Cassandra Simon set to deliver The Last Lecture

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Cassandra Simon set to deliver The Last Lecture

Mark Hammontree

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Cassandra Simon will give the seventh annual Last Lecture presentation Monday at 6 p.m. in 159 Russell Hall.

The Last Lecture is a lecture series started by the UA Graduate School in 2007 to provide an opportunity for students to nominate and select a University of Alabama faculty member to give a final lecture as the school year winds to a close. The series operates behind the prompt, “If this were your last time to address a group of students, what would you say to them?”

Simon, an associate professor in the School of Social Work, has been a finalist for the Last Lecture multiple years. Vicky Carter, a third year doctoral student in the School of Social Work, said she is one of many students who nominated Simon for Last Lecture every year since the series began. Carter said she nominated Simon because of her ability to engage students and for the passion she shows in her work and her teaching.

“I’ve been a student in her classes and worked with her as a TA,” Carter said. “The class atmosphere is unique. It’s one of respect and feeling valued. She not only shows expertise in the content, but also encourages students to seek meaning and self-evaluate. She is interested in your reactions, thoughts and ideas about the subject matter.”

Michelle Fuentes, a doctoral candidate in political science and a selection committee member since 2010, said Simon stood out year after year because of her fire and passion shines through her students’ nominations.

“Dr. Simon has been a finalist several times, and the students who nominate her always rave about her passion for research and especially for our community,” Fuentes said. “She has a very compelling story to tell, and it’s especially poignant that she will be the first African American woman to give the Last Lecture with this being the anniversary of integration at UA.”

When she first heard that she had been chosen this year, Simon said she laughed because she had been just a finalist for so many years.

“I think I’m glad it turned out this way though, because it’s the anniversary of integration here on campus and of some of the events of the civil right movement,” Simon said. “Those are issues that I’m really passionate about, so I guess it’s good that this came when it did.”

Simon said her speech will deal in large part with the idea of self-actualization, which she said is one of the highest forms of human activity. Her speech will also deal with campus issues and how students spend their time at the University.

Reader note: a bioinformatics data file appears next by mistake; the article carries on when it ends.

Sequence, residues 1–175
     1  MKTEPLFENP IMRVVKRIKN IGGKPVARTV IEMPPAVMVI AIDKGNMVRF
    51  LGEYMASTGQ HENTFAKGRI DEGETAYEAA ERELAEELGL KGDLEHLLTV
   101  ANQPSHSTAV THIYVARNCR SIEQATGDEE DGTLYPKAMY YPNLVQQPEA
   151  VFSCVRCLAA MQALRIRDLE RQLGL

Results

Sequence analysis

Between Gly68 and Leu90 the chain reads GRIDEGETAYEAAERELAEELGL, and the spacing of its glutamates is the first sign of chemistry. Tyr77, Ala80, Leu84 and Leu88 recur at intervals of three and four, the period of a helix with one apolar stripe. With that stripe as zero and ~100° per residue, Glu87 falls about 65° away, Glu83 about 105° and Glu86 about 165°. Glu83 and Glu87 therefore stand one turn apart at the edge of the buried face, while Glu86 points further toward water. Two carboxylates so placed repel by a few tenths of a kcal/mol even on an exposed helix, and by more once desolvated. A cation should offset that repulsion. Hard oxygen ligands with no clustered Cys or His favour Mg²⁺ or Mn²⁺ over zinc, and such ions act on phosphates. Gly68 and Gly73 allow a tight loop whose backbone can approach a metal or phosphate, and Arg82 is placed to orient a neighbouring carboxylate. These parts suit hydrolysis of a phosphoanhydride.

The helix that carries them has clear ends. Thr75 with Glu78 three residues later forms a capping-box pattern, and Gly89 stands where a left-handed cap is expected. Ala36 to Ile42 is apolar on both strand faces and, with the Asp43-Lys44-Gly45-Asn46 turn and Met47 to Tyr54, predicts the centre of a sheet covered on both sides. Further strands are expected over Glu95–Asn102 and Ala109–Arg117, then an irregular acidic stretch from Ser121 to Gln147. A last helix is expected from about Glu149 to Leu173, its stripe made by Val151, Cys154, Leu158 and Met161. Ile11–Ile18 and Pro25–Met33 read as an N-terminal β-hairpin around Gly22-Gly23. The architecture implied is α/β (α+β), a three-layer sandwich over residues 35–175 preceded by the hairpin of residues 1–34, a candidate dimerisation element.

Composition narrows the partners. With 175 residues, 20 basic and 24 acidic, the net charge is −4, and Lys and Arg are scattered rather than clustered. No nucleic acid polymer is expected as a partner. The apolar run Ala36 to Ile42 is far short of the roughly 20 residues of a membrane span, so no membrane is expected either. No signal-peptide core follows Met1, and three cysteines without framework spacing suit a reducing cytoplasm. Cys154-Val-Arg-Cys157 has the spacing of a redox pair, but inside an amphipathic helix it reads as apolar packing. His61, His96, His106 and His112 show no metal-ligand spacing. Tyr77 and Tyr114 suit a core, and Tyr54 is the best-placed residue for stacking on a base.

“A lot of times young people think, ‘Oh, I have a lot of time to figure it all out,’” she said. “I want them to see that what they do with their time right now matters, because we never know just how much time we’ll have.”

The speakers, who have included Utz McKnight and Pulitzer prize winner Rick Bragg, are selected through an intensive process beginning with a nomination from students, faculty, or even alumni, and ending with an intensive selection process in a student committee. This year’s committee was made up of seven students, undergrads and graduate students, who each read through two or three hundred nominations of about 100 words each.

“Originally the Graduate School created the committee to chose the speaker, but then after they had been chosen and given their lecture, each professor got to appoint a student to the committee to serve for the rest of that student’s tenure at UA,” Fuentes said.

The selection process becomes more intense after the committee has narrowed the field down to 12 to 16 semifinalists. After talking with the students who nominated the professors and researching them and their work, the committee tries to bring the number down to around six.

“When it gets to those six to eight semifinalists, we get very serious into finding out as much as we can about these professors,” Fuentes said. “Each finalist is assigned two committee members, and we go out and talk with their students, we observe one of their classes, and try to at least have one meeting with them.”

Fuentes said the amount that they learn about the candidates makes it hard to pick a single professor because they all have only good things to be said of them.

“It’s really very difficult to go in and have to choose one out of this group because really it could go to any of them, but we have to come to a unanimous decision, so we spend a lot of time discussing,” Fuentes said.

Fuentes said the Last Lecture series is intended to provide students with an opportunity to learn something they wouldn’t be able to in the classroom, and she said she believes Simon will do just that.

“These are always entertaining speeches because these professors are all just rock stars,” Fuentes said. “They provide a unique world view, and it teaches you a lot about life, and yourself.”

Carter said she expects that the lecture will be just what those who have taken her classes would expect.

“Her discussions are not tied to what is in a textbook or article, but rather she offers real life context to the topic,” Carter said. “Because of her years as a practicing social worker, she can share experiences to enrich discussions that lead to more questions and more discussion. I think she will connect with the audience like she connects with her students in class by sharing her genuineness, humor and passionate determination to making sure everyone has a voice. It will be an uplifting and inspiring event.”

For Simon, it comes down to an opportunity to impact students, which is what she has always been passionate about.

“I want students to walk away knowing that this is their campus, they have the power to make it what they want it to be,” Simon said. “They have the power to make sure their voice is heard.”